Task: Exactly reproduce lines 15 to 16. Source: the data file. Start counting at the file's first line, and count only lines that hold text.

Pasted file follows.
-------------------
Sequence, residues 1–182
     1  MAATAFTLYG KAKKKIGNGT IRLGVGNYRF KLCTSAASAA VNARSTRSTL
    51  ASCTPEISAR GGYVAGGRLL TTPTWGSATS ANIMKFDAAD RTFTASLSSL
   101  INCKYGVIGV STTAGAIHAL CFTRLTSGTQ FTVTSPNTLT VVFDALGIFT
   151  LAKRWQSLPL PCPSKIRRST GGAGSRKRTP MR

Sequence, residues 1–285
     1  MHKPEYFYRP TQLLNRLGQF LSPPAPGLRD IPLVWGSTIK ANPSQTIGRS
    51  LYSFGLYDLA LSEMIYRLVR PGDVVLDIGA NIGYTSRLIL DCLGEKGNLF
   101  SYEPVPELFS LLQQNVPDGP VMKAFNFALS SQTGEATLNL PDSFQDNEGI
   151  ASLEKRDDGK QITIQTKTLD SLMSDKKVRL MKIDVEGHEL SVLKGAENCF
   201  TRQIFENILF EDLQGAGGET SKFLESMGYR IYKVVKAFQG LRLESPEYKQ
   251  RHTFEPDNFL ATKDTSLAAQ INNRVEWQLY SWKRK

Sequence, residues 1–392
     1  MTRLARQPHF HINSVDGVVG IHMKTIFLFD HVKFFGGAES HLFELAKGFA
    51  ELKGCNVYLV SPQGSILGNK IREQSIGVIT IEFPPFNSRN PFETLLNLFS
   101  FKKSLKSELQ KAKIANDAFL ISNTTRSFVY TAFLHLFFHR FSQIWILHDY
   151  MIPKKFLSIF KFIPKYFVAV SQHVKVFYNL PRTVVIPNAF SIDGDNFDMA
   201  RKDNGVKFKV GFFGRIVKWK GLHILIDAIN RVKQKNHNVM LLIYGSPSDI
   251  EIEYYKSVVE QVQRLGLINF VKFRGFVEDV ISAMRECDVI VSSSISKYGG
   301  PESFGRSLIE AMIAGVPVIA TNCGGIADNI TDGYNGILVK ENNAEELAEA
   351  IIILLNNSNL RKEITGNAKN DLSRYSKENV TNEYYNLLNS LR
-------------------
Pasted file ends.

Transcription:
    51  ELKGCNVYLV SPQGSILGNK IREQSIGVIT IEFPPFNSRN PFETLLNLFS
   101  FKKSLKSELQ KAKIANDAFL ISNTTRSFVY TAFLHLFFHR FSQIWILHDY